Swim for Haiti 2018
Last Saturday I took off for Port-au-Prince, Haiti for the second time in the last 12 months. Swimming surely gets you to places you could not have imagined. Five years ago, American entrepreneur Jim Chu and 3 friends of his thought they would swim from an island 10 kilometers off Wahoo Bay Beach in the West Province, back to the shore – and so the Swim for Haiti was born.
The event has now grown to 100+ swimmers in two races (1.5K and 10K) and is offered in partnership with swimming holiday consultants Swim Trek and with Canadian-born circuit Global Swim Series. Despite the still evident poor state of the country, Wahoo Bay Beach is a nice resort that enjoys calm and warm waters for their guests, a perfect spot for a swimming vacation – or competition.
The 10K race was my first test in a year that will not be short of adventures and challenges. I had won the 2017 edition with a slow 2h56’, when I was still starting my training (after a break of 15 years!) and with about 5 feeding stops, so I knew I could do much better this year. And so did I – I left the Arcadins Islands at 7.36am to never stop until I reached the shore 2h28’ later at 10.04am. I never felt tired or thirsty, despite the 30C air and 25C water temperature approx., and the stroke pace was pretty constant. Some jellyfishes tried to get into my way but I’ve learned that that comes with the sport, so they didn’t stop me. My goal is to keep this pace and strength during the 25K Port To Pub Australian ultramarathon in March.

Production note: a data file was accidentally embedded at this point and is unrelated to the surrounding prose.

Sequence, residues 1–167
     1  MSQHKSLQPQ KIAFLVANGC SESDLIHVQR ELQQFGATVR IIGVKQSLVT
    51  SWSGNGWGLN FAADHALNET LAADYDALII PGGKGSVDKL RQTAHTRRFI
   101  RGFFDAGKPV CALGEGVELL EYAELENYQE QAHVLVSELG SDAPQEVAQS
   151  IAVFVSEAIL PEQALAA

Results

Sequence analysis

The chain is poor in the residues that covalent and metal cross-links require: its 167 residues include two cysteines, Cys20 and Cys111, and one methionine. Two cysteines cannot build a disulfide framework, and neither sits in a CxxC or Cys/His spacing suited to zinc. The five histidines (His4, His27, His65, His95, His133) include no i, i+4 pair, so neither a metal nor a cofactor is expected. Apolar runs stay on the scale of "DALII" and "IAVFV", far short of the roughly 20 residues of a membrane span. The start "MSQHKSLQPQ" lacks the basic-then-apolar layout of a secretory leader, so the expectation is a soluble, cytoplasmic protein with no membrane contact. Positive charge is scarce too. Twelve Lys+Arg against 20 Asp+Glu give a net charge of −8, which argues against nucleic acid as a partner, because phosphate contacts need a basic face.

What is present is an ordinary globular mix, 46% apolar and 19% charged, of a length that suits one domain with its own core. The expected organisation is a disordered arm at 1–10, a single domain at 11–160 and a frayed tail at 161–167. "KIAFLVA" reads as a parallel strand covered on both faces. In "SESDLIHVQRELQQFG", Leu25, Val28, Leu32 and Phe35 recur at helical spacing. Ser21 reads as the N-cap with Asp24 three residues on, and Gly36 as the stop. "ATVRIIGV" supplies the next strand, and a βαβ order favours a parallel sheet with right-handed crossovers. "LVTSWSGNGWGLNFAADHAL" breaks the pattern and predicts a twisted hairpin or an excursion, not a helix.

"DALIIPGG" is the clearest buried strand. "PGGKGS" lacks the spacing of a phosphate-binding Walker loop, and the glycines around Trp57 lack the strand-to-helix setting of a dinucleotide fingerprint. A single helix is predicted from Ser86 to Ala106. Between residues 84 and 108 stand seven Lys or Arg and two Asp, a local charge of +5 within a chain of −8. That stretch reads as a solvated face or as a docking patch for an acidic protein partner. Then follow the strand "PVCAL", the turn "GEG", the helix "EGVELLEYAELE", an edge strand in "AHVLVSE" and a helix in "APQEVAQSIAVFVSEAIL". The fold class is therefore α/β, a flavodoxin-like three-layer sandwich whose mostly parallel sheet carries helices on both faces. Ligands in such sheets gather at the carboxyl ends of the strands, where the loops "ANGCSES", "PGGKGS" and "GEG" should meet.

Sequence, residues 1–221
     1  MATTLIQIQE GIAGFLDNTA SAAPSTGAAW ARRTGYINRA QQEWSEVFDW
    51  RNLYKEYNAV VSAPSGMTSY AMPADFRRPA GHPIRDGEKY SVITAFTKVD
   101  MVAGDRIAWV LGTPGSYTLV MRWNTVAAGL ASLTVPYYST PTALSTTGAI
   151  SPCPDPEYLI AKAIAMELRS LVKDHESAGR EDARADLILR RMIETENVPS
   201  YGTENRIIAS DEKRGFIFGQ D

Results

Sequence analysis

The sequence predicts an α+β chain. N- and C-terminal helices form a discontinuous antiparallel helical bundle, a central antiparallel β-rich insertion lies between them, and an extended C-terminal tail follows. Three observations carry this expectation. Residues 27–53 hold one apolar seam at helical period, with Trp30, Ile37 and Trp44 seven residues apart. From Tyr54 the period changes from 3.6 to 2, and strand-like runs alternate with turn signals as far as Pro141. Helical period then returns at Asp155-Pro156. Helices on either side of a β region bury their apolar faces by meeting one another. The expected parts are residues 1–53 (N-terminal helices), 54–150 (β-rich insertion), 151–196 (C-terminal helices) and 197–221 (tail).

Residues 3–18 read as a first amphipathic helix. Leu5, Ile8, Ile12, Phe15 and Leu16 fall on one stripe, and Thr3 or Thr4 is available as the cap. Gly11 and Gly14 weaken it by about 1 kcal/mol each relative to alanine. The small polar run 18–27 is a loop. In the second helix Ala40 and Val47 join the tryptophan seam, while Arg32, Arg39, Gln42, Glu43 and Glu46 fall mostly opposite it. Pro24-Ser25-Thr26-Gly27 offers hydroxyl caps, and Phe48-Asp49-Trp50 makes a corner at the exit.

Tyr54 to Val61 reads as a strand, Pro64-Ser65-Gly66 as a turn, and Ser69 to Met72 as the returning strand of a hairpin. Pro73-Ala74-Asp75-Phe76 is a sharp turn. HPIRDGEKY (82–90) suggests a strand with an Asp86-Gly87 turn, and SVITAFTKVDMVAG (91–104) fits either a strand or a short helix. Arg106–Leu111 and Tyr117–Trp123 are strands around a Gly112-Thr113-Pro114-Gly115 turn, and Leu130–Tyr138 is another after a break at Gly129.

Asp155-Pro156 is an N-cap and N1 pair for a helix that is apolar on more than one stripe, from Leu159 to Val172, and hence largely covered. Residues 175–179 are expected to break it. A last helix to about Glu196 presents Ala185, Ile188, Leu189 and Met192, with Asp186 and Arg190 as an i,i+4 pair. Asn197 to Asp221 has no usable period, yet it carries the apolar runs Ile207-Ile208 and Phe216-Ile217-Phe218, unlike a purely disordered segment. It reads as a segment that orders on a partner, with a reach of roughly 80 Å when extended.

|Winner of 2017 and 2018 editions
A thing I noticed was the increase in plastic waste though – I encountered at least three patches of human-created rubbish, and there was a bag that wrapped me and almost hid me from my smiley bwa fouye paddler. I don’t remember this much waste from last year, and it is exactly what I am trying to fight against, along my friends at Ocean Recovery Alliance. Please do chip in for my fundraising cause here.
Swimming in the open waters in the Caribbean Sea is very pleasant, no doubt. But beyond the settings and the chance of meeting locals, I love the vibe among international visitors – interesting, sociable and mature people that enjoy the sports and the healthy competition, coming mainly from the UK, US and Canada.
The return to freezing New York has been harsh, with the runs outside, increasingly-long cold showers and dips into the beach. The US Winter Nationals are coming up in just 10 days, and they are only the start of the cold swims I will be facing in Cape Town, Lake Titicaca, and eventually, Antarctica.
Nobody said it was going to be easy. Stay tuned.